His Life on the Blacklist, or How Communists Brought Us the “Cran-stache” #UPWeek

Fans of the hit television show Breaking Bad have grown accustomed to seeing Bryan Cranston donning a mustache to play Walter White. But, at this year’s Emmy Awards, the “Cran-stache” came out for a different reason. . .

Cran-stache

. . . for his starring role as blacklisted screenwriter Dalton Trumbo in the forthcoming film Trumbo, directed by Jay Roach. The new mustache was perhaps just as memorable as Cranston’s Emmys makeout session with Best Actress-winner Julia Louis-Dreyfus.

Trumbo made a name for himself as a screenwriter, playwright, and author, but he is also remembered as one of the Hollywood Ten who opposed the House Un-American Activities Committee (HUAC). Refusing to answer questions about his prior involvement with the Communist Party, Trumbo sacrificed a successful career in Hollywood to stand up for his rights and defend political freedom.

Roach’s screenplay for Trumbo is based on the book Dalton Trumbo by Bruce Cook. Cook’s 1976 biography was largely based on a series of interviews with Trumbo himself, in which Cook admitted he was too “embarrassed” to ask the writer about his Communist Party affiliations.

Dalton Trumbo BookForthcoming in January 2015Dalton Trumbo: Blacklisted Hollywood Radical, builds on Cook’s previous work through extensive research by Trumbo’s son, Christopher, and coauthor Larry Ceplair, primarily through the reams of carefully-worded letters Trumbo wrote throughout his life. Trumbo wrote thousands of letters that served as a journal of sorts, keeping track of the important events and people in his life and the battles he fought.

According to Christopher Trumbo, “That he was writing humorous and graceful letters at the same time as he was handling all that other stuff gave the audience a larger picture of what he was like.”

With regard to all “that other stuff,” Trumbo’s political beliefs continually evolved. He joined (and later left) the Communist Party twice in his life. But, in the anti-Communist boiler that was mid-century Hollywood, Trumbo’s membership in the party told them all they need to know about his politics. In a cover letter that accompanied several dozen boxes of his papers sent to the Wisconsin Center for Film and Theater Research in 1962, Trumbo wrote:

I’ve always thought of my life as a series of conflicts, each a separate battle, segregated in my mind under the heading, “My fight with these guys” or “My fight with those guys.” In thinking back I now realize I have regarded each fight as distinct and unrelated to the other, and have sometimes marveled how one man could have so many of them. I now realize it was all one fight; that the relation of each to the other was very close; and I am really no more combative than any other man. It just happened in my case that the original fight once undertaken, expanded marvelously into what seemed like many fights and the most recent in a sequence of fights is actually no more than the current phase of the primary engagement.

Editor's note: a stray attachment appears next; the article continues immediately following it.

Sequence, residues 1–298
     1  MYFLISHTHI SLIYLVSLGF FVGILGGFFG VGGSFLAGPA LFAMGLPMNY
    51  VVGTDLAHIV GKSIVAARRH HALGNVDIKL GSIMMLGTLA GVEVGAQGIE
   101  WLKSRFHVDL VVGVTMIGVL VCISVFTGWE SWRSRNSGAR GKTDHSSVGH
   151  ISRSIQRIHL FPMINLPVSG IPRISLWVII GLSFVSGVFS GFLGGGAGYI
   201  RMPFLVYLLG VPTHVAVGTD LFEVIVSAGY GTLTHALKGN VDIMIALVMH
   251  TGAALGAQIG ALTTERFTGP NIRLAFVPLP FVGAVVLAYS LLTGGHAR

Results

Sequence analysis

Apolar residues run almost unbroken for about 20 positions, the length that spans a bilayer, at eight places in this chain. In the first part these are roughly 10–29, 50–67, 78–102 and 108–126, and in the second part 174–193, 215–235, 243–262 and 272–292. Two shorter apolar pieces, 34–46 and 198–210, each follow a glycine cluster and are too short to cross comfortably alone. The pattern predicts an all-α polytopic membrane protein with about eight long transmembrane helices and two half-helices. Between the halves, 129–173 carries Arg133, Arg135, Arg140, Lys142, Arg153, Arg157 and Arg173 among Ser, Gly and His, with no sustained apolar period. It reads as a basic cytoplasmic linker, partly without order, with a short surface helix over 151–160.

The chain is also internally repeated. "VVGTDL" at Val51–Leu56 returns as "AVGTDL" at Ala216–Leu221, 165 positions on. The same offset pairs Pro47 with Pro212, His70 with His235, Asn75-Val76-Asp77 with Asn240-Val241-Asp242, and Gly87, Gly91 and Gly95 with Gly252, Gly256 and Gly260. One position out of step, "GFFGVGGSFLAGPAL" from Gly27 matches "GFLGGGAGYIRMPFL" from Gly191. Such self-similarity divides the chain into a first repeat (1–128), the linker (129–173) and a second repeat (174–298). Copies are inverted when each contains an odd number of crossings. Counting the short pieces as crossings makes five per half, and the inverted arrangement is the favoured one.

The blacklist ended for Trumbo in 1960, when he received screen credits for Exodus and Spartacus. Just before his death, he received a long-delayed Academy Award for The Brave One, and in 1993, he was posthumously given an Academy Award for Roman Holiday (1953).

And as for Bryan Cranston’s faithful display of facial hair for the upcoming biopic?

From the introduction:

He almost always wore a mustache. . . . He periodically changed the shape and style of his mustache, going from a pencil-thin one in the 1930s to one that was bushier, carefully shaped, and, of course, whiter. He was very fastidious about his mustache. “He shaved every morning,” Mitzi [his daughter] said, “and he had a little comb for his mustache. Once, he became annoyed that nobody had noticed a change he had made in his facial hair.”

Dalton Trumbo Writing

Dalton Trumbo writing in his bath tub. Photo by Mitzi Trumbo.

Bryan Cranston Dalton Trumbo Mustache

Bryan Cranston at the 2014 Emmy Awards

 

 

 

 

 

 

 

 

 

 

See what’s happening for #UPWeek from other #AAUP Member Presses:

  • Princeton University Press on their book Alan Turing: The Enigma and the new, highly-acclaimed movie tie-in starring Benedict Cumberbatch.
  • Georgetown University Press has built an impressive list of espionage titles. You may have noticed quite a few spy thrillers (TurnSleepy HollowThe Assests) on your DVR of late.
  • The University Press of Mississippi highlights their book, Walt Before Mickey. Now a major motion picture opening Thanksgiving weekend.
  • University Press of Wisconsin‘s blog is Ripped from the Headlines! Featuring timely, newsbreaking titles.
  • University of Pennsylvania Press features some of their books that appeal to a general audience. But they’re also trying to find ways to speed up the publishing process and release books that address topical issues as they are happening. University Presses aren’t simply places where dry tomes on minutiae get into print; they are places where all the world’s knowledge finds a voice.
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3 thoughts on “His Life on the Blacklist, or How Communists Brought Us the “Cran-stache” #UPWeek

  1. Pingback: UP WEEK: UPs in Popular Culture | University of Nebraska Press blog

  2. Pingback: #UPWeek Day 5: Follow Friday | The University Press of Kentucky

  3. Pingback: What SUP From Your Favorite University Presses, November 14, 2014 - Yale Press Log

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